Emerald ash borer beetles were first discovered in the south end of Kitchener in 2010, and now the city has begun to investigate just how far the problem has spread.

Kitchener is installing 30 fluorescent green insect traps on ash trees around the city to determine the extent of the infestation. In total there are 4,500 ash trees in the city.

The beetles were first found in the area of Homer Watson Boulevard and Highway 401 and another infected tree was found over the winter, but there are concerns about how far the damaging pest could have spread.

The traps will help to study the spread of the beetle and then, hopefully help the city control and then eliminate the potential problem. Residents are being asked not to disturb them.

Dave Schmitt of the City of Kitchener says the traps will likely be taken down sometime in August, and then the process of examining them will begin.

"We have to go through each of the traps, we have to look at the insects that are on the traps, and we have to identify if we have emerald ash borer on those traps. We'll start to count the numbers and with that information we can get a sense of the extent of the [emerald ash borer] across the city and its population levels."

According to the Canadian Food Inspection Agency (CFIA), the emerald ash borer beetle has already been blamed for killing millions of ash trees in southwestern Ontario, Michigan and surrounding states.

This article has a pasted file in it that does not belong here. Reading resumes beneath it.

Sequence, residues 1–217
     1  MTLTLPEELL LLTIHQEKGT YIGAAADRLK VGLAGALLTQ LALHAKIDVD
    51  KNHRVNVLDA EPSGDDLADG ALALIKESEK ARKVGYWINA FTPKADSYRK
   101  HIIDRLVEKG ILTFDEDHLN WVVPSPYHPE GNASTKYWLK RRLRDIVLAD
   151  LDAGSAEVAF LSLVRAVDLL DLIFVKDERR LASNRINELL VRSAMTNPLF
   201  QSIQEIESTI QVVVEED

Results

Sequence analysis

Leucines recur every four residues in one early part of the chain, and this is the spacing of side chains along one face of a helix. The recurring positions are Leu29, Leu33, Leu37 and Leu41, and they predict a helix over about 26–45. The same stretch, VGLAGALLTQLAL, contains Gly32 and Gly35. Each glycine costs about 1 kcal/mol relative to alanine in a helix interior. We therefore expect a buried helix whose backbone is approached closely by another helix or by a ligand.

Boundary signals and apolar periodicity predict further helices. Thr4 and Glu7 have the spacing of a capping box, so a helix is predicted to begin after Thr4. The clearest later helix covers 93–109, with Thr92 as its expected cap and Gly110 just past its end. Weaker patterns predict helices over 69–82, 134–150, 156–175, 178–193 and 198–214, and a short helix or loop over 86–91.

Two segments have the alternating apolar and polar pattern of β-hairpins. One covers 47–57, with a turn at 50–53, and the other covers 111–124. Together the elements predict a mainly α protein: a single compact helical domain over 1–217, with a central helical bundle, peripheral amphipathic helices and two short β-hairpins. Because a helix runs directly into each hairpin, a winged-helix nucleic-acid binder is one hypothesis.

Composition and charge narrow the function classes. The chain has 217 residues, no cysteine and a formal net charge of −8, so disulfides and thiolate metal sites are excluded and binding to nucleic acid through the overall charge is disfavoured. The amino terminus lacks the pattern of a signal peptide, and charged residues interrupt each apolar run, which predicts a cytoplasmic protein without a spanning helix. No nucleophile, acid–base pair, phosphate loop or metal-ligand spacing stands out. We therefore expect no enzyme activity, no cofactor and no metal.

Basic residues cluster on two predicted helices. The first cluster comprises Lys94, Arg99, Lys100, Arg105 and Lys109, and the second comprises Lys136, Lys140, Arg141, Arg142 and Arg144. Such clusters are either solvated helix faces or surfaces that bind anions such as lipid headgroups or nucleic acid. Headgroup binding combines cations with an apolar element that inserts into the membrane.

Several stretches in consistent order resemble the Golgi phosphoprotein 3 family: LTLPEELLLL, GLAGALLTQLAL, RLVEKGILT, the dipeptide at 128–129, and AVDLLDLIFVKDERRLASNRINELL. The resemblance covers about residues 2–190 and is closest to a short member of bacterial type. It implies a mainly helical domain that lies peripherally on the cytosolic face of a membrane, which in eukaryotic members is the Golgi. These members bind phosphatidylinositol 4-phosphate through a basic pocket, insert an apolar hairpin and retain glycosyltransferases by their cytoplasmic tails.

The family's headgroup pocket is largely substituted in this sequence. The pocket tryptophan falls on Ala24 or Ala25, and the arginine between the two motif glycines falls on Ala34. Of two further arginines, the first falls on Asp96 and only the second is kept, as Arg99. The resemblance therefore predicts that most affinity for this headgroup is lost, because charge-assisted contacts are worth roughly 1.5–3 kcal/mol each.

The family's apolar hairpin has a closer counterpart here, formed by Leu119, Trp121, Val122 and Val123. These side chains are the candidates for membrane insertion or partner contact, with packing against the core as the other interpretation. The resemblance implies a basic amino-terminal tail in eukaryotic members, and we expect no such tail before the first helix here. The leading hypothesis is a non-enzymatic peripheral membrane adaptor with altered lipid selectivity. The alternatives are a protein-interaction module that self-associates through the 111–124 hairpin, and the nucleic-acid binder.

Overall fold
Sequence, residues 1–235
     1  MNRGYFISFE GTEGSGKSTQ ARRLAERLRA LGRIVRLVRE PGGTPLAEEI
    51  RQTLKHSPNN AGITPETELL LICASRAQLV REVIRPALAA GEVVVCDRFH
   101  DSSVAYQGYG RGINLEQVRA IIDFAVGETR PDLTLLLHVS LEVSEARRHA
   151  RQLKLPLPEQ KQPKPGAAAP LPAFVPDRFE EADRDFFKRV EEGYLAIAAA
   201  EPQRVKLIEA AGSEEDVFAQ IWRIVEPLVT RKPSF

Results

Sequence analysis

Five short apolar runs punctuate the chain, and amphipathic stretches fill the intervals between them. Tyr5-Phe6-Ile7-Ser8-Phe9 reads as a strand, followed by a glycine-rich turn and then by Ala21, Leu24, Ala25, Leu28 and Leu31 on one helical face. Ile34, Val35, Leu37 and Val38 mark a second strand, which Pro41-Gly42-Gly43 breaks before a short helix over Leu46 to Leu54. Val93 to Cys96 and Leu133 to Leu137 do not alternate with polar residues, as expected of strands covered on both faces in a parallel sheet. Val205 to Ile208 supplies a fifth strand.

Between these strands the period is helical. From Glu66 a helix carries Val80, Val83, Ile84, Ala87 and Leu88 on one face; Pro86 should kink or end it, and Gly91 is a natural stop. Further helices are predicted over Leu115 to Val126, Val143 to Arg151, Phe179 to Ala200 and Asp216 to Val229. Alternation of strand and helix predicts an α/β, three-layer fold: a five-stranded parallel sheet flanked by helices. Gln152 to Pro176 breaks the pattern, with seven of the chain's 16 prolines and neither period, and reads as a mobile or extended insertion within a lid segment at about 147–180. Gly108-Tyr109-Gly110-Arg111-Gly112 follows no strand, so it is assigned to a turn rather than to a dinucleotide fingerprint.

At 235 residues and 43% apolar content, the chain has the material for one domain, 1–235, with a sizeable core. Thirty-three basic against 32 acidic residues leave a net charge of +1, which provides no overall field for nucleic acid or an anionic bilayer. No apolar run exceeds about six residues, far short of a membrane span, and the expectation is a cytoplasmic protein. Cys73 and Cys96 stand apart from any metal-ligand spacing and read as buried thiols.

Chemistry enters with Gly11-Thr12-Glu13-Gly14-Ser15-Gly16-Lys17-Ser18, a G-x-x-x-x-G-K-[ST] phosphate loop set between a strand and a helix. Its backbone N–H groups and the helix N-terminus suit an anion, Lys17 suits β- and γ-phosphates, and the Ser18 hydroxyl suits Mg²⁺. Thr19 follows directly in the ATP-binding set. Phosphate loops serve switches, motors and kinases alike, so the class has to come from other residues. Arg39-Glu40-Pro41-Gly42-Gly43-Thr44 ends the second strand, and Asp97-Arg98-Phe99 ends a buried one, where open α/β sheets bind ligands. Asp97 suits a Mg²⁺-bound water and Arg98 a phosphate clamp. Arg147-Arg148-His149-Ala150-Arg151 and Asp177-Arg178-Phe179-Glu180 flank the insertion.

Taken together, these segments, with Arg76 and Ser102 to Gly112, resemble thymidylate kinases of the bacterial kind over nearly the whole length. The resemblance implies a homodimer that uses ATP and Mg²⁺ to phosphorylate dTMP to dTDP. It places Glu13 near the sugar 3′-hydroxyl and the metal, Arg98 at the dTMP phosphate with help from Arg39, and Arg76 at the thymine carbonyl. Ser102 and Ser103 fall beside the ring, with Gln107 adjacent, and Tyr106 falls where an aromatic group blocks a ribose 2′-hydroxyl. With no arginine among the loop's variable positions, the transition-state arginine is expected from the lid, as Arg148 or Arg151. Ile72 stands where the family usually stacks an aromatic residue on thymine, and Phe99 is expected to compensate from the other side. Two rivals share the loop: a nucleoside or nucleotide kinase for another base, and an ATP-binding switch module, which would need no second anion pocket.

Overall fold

Schmitt says "It was first found back in the early 2000 in the Windsor-Detroit area, and it has since that point moved through into the Toronto area, into London and just as of August we found it in the Region of Waterloo."

Originally from China, it attacks and kills almost all species of ash, and its quick spread is partly being blamed on people moving infested materials and firewood to new areas.

Waterloo Region and surrounding areas already fall under regulations to prevent the spread of the beetle. You can find more information on the CFIA website at: http://www.inspection.gc.ca/english/plaveg/pestrava/agrpla/agrplae.shtml

Residents are concerned that they could lose the majestic ash trees if the problem spreads.

Liz Leedham says "I just hope they can do something about it because these ash trees are beautiful and we wouldn't have any shade in the street if they were gone."

And there is reason to worry. If the infestation gets worse, the city says it will cut all 4,500 ash trees in Kitchener and have to re-plant them, at a cost of $4.5 million.